HFHR’s opinion on proposed amendment to Constitutional Tribunal Act
In the evening of 15 December another draft amendment to the Constitutional Tribunal Act was submitted in the Parliament. The Constitutional Tribunal ruled that the two previous amendments enacted in 2015 were partially unconstitutional.
The HFHR objects to the hasty conduct of the legislative works on important constitutional regulations. Moreover, the Helsinki Foundation thinks that the real purpose of the new law is to prevent the Constitutional Tribunal from discharging its constitutional duties.
The draft of the amendment has not been consulted with members of the public, experts and legal professionals. In his public address of 3 December 2015, President Andrzej Duda announced that a discussion on the Constitutional Tribunal’s work would be held among a broad community of experts. However, statements of representatives of the parliamentary majority suggest that a rapid legislative procedure will again be used in the works on the recent bill. “The draft law does not address any urgent matters that would justify the omission of consultations or such a hasty conduct of legislative works on a crucial constitutional issue”, says Barbara Grabowska-Moroz, a lawyer working with the HFHR.
Furthermore, the HFHR’s opinion emphasises that the introduction of the requirement of qualified majority of two-thirds of votes, which would apply to the procedure of adopting the Tribunal’s resolutions, is an arbitrary move. The actual purpose of the amendment is to prevent the Polish constitutional court in its current composition from adopting en-banc resolutions. Yet the bill’s sponsors argue that the en-banc ruling requirement is the consequence of the need for an in-depth and thorough examination of constitutional problems that have a crucial impact on the public good.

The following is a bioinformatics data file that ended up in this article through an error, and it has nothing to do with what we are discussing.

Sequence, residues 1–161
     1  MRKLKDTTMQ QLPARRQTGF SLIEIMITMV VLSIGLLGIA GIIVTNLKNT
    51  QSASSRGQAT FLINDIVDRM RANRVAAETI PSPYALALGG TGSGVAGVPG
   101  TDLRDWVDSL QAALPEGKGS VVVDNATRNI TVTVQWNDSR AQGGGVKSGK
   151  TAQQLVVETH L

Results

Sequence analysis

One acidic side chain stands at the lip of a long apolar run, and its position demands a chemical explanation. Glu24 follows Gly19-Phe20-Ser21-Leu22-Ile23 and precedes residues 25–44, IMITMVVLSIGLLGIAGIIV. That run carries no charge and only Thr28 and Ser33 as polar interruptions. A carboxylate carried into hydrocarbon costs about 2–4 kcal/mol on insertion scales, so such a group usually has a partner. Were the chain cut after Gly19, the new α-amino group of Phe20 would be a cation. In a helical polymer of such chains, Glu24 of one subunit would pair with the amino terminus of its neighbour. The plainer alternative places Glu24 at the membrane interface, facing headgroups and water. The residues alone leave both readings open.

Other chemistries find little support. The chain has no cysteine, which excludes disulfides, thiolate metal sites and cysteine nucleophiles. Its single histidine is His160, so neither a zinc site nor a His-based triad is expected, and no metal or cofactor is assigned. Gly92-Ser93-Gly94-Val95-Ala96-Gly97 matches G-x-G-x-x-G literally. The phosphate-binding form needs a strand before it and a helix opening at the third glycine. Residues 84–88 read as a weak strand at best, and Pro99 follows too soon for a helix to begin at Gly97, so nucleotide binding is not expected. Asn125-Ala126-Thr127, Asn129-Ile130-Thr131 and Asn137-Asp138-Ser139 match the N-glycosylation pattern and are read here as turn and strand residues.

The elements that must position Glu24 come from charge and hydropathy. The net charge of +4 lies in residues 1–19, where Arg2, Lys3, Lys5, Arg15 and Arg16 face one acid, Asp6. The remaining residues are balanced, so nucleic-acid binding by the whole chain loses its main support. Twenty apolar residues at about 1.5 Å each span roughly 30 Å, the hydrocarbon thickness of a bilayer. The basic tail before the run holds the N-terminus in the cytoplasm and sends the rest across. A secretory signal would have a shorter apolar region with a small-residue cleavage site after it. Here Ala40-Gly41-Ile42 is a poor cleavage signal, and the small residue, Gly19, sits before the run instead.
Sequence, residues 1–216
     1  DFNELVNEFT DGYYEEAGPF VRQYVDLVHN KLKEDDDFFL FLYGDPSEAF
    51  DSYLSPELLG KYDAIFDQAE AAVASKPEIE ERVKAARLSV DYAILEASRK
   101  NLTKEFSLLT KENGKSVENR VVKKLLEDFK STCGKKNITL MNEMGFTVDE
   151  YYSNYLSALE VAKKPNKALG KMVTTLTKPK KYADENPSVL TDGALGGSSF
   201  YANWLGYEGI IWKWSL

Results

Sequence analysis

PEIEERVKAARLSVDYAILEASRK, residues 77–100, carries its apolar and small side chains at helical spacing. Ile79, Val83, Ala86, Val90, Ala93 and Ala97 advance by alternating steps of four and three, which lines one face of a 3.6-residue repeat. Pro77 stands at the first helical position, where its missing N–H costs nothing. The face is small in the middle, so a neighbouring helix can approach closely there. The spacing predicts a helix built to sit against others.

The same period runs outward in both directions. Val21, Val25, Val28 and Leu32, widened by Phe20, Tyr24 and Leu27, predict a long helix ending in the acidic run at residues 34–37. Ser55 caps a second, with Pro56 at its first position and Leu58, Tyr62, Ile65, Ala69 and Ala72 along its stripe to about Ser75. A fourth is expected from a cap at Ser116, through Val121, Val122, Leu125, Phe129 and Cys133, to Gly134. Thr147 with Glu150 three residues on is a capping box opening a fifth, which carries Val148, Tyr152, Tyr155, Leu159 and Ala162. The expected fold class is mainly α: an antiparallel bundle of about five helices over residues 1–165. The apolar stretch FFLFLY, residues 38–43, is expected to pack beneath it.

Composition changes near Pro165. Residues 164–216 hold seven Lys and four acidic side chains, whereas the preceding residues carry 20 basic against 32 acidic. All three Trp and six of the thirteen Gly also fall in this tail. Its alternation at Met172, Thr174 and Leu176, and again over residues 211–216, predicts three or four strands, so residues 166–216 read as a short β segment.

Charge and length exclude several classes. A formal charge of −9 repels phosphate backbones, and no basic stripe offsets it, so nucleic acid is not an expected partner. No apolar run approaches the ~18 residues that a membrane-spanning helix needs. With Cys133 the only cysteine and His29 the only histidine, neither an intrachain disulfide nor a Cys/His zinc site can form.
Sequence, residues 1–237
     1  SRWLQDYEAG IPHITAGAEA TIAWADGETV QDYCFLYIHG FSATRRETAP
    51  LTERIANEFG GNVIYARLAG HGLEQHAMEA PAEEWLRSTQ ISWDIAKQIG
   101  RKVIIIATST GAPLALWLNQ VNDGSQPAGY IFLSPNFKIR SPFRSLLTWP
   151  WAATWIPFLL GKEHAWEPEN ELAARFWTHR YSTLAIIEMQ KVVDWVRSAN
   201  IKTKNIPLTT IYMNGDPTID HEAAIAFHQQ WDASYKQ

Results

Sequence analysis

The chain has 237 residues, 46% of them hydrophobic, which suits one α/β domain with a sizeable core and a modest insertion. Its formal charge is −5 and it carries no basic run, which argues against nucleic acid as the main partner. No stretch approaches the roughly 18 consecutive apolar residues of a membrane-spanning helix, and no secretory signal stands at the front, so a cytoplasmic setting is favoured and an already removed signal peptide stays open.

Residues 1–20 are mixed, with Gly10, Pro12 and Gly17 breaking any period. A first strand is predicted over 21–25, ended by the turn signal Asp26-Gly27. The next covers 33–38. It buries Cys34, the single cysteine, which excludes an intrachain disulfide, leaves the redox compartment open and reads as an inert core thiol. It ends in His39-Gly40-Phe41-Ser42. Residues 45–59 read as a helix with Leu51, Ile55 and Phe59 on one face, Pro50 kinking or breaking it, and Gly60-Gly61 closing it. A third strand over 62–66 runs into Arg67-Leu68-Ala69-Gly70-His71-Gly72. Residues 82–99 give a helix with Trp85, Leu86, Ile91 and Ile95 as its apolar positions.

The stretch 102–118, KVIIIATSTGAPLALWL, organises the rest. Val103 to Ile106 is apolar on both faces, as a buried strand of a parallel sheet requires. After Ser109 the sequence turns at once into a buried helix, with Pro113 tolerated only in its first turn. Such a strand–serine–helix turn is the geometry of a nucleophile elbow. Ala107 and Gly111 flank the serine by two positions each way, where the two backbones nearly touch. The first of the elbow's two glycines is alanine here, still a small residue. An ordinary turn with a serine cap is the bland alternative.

Under the proposed law, it would be impossible for the Tribunal to issue a decision supported by less than the qualified majority of its judges. This means that the operations of Poland’s constitutional court will be blocked.
The draft amendment to the Constitutional Tribunal Act also expands the composition of the Tribunal’s full adjudication panel, which is to include 13 instead of 9 judges. The bill also extends the requirement of en-banc ruling to the majority of case types. According to the HFHR, this will lead to the situation in which the Tribunal effectively loses its ability to adjudicate. The above requirements will result in the excessive length of the proceedings that involve individuals because more than 90 per cent of the cases heard by the Constitutional Tribunal are constitutional complaints and questions of law submitted by common courts. This will adversely affect the constitutional guarantee of the right to a court while the crippling of TK works is a stand-alone violation of citizens’ right to file constitutional complaints.
The latest amendment proposal also provides that any cases already heard by a panel of less than 13 judges will have to be re-opened. If this rule becomes law, about 100 proceedings will need to be re-instituted, which may paralyse the administrative and judicial works of the Constitutional Tribunal.